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    Rio Grande Guardian > Border Business > Story
checkPerryman: The Forecast for the Texas Economy
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Last Updated: 5 February 2014
By M. Ray Perryman
[M.
M. Ray Perryman
WACO, February 5 - Texas has been adding jobs at a pace of over 250,000 jobs per year (most recently during the 12 months ending in December).

Major economic trends continue to improve, with real estate markets, the employment situation, and other measures of business activity trending ahead of the national expansion pace. The Perryman Group’s most recent short-term forecast indicates that this relatively healthy growth is likely to continue.

As a point of comparison with the Texas economic forecast, U.S. real gross product is projected to expand by almost $2.6 trillion (a 3.28 percent compound annual rate of growth) during the 2013 to 2018 time period. (Note that unless otherwise specified, all growth percentages reported herein are compound annual rates of growth, meaning that they reflect changes in the size of the base from which growth is calculated.) The United States economy is projected to create more than 10.9 million net new jobs over the five years, a 1.56 percent annual growth pace. As discussed below, the performance for Texas is expected to be much more robust.

While a disruption in the national situation certainly has the potential to slow growth in the state, The Perryman Group’s most recent outlook for Texas indicates the likelihood of a healthy rate of expansion through the forecast horizon and beyond. The uptick in oil activity is a major factor contributing to these positive expectations and the current oil surge is likely to continue to lead to strong economic performance in several regions of the state.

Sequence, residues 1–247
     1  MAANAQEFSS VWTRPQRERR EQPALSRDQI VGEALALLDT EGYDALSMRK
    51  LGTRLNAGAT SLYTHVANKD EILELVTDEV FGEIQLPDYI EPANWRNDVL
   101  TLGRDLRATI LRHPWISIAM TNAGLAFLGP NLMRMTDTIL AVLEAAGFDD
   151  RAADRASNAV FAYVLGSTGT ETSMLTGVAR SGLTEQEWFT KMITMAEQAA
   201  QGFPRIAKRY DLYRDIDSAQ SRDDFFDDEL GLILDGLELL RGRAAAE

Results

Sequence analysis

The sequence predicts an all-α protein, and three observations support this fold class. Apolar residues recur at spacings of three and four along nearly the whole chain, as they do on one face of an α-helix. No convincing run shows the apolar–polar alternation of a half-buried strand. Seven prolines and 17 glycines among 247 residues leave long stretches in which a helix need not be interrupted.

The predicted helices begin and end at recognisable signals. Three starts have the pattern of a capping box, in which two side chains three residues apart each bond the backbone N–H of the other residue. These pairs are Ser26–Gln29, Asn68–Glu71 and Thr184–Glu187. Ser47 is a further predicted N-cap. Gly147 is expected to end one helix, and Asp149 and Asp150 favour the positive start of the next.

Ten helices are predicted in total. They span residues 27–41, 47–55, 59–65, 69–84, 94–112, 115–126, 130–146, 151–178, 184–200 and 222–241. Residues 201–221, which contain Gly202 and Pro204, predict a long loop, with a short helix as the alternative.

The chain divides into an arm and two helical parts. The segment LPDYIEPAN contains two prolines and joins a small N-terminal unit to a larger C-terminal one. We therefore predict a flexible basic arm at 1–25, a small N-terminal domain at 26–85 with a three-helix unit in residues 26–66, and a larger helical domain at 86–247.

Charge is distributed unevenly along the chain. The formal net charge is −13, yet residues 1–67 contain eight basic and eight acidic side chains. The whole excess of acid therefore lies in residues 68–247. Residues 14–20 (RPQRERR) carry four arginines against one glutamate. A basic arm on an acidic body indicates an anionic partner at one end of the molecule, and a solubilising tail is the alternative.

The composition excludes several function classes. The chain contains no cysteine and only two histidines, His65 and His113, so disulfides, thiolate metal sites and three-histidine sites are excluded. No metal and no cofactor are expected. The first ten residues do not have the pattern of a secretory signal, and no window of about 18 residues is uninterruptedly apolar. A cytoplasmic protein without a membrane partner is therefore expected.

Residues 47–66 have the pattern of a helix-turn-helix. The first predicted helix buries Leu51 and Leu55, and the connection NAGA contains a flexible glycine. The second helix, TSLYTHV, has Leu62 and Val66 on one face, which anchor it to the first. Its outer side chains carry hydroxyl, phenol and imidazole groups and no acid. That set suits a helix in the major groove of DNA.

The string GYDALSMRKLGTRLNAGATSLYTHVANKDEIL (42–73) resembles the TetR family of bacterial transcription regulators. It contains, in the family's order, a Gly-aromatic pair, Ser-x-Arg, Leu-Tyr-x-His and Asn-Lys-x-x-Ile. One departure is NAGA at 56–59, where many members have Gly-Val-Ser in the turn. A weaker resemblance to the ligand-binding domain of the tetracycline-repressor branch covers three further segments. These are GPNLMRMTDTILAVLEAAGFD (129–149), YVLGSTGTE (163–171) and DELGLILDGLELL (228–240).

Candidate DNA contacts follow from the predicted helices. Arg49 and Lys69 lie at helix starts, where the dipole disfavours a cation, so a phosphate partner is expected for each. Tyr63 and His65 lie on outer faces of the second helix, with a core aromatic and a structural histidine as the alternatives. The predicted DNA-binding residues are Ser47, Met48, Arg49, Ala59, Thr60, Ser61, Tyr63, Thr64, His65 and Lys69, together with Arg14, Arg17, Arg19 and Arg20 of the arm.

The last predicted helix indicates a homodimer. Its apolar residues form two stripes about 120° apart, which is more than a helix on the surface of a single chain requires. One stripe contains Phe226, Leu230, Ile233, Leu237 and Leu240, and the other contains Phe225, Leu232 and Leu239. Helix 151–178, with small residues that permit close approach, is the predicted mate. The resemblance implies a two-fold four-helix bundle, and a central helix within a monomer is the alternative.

Output (real gross product) in Texas is forecast to expand from $1.3 trillion to $1.6 trillion during the 2013 to 2018 time period. This 4.59 percent annual growth (a $323.6 billion gain) represents a significantly faster pace than for the nation as a whole. As a result, Texas’ share of overall U.S. economic output will rise slightly, from about 8.8 percent to 9.4 percent.

The Texas population is also expanding at a notable pace. Over the next five years, an increase of nearly 2.3 million persons is expected (a 1.65 percent annual rate of growth). In addition to a relatively high fertility rate in some regions of the state and the resulting gain in residents, the stronger economy and job opportunities are boosting migration to Texas. By 2018, the state population is projected to total some 28.9 million, with gains concentrated in the large metropolitan areas.

Employment growth is forecast to be 2.33 percent through 2018, pushing the total wage and salary employment to 13.1 million. This gain of more than 1.4 million jobs over the period compares favorably with most parts of the nation. In fact, Texas is likely to contribute nearly 13.1 percent of total jobs added in the United States over the next five years and has far exceeded the United States in employment gains since the depths of the recession.